It might also be a political move: admitting that it's epistemological randomness rather than "chance" takes a bit of the heat out of the debate.

Ontological vs. epistemological randomness. hmmm. Well, That sounds almost like english; like you could be talking about the Baysian debates. However, there remains nothing particularly up for debate in scientific circles about the notion that evolution proceeds by random variation followed by selection; the process of evolution as currently practiced by creatures we can observe shows a clear preference for random variation. While there may be some quibbles about the timeline produced by driving the molecular mutation clocks backwards, and observing that there doesn't seem to be enough time to get everything done, they do not discredit variation with selection as a viable explanation; they only suggest that variation is not uniformly distributed over the state-space.

Now, this could be because GodDidIt or because the lizard people from Rigel drop in from time to time to improve the breeding stock, or it could just be that genomes are better at evolving that we had at first assumed. However, science, being limited like it is, tends to pursue the last of these explanations as it has some hope of gathering metrics about it. Sporadic intervention by Gods or more advanced species doesn't tend to be an overly metricisable phenomenon, so science pretty much leave these avenues of speculation to the science fiction writers, the UFOlogists, the tongue speakers, the miracle workers and spirit channelers, as layfolk had it pretty much covered, and didn't try to poach on science's territory in the classroom, due to the laughingstock factor. At least, up until this recent flurry of school board confrontations, over some recent Rube Goldburg'ian offerings that give off the odor, if not the substance of science, by Behe and Dembski.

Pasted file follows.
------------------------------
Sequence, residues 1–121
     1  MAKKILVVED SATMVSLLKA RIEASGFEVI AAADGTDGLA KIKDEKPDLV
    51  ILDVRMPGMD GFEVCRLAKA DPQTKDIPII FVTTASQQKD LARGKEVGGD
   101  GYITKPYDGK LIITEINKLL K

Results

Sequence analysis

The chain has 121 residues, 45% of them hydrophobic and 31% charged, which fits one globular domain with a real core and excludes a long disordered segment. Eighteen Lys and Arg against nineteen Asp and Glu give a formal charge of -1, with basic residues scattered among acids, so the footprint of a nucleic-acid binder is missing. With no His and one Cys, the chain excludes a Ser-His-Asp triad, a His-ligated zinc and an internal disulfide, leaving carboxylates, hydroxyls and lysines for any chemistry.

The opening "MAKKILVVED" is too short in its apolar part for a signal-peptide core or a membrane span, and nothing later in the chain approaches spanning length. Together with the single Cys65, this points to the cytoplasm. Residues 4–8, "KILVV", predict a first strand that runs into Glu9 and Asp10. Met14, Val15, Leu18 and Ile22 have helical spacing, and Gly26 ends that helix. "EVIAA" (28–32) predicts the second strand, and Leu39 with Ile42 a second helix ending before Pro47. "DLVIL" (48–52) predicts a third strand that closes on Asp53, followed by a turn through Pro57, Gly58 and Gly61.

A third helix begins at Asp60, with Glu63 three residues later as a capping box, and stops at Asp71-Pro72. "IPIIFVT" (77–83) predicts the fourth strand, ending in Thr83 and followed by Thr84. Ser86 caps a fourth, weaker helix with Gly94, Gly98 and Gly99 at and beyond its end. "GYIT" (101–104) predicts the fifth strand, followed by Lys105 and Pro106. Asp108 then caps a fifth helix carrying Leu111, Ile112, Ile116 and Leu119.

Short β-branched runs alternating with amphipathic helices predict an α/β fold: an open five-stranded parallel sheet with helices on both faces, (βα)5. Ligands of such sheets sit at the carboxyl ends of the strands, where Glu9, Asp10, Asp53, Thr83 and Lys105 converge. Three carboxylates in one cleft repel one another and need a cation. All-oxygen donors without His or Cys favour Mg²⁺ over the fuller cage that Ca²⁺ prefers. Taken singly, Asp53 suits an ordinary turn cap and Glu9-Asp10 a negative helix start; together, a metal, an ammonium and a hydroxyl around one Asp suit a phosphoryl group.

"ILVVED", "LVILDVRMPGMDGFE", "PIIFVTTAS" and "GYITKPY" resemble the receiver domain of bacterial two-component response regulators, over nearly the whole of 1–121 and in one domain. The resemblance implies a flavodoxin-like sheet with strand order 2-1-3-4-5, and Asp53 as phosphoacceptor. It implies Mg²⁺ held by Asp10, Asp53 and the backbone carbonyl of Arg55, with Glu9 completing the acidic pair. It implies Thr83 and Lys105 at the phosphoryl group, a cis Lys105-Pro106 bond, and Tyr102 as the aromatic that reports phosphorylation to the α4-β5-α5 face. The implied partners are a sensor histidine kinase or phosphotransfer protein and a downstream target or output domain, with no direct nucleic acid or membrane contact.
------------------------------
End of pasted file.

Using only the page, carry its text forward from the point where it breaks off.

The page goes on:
690 posted on 05/26/2005 5:32:08 AM PDT by donh
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To: VadeRetro

...I can't understand it. I won't understand it. You can't make me! Goddidit. I won't learn any more about cause and effect!"...

Pretty quick dismissal of all the "Scientific minds" who through the centuries have tried to explain the misteries of God's creation and have contributed so much knowledge used to support the theory of "evolution".
To conclude that because one believes in God, curiosity and the pursuit of scientific knowledge stops automatically is not supported by history or reality...not even in Kansas.


691 posted on 05/26/2005 5:32:47 AM PDT by UltraKonservativen (( YOU CAN'T FIX STUPID ))
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To: Fester Chugabrew
His disagreement was with most of the scientific world of his day, which was, and is today, welcomed by the church insofar as science aims for the truth. Galileo was defending the views of a Catholic priest who also happened to be a scientist.

Galileo was defending a truth the church found threatening to its power over the affairs of men. All else is historically insignificant.

692 posted on 05/26/2005 5:44:38 AM PDT by donh
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To: ArGee
As for the bigotry accusation, it stands no matter what the rest of the conversation. To suggest that all creationists are bad and all biologists are good does not represent an open mind.

Much as to suggest that all snake oil salesmen are bad for your health, and all accredited medical doctors are good for your health, does not represent an open mind. It may not be entirely true, but it's a good way to bet.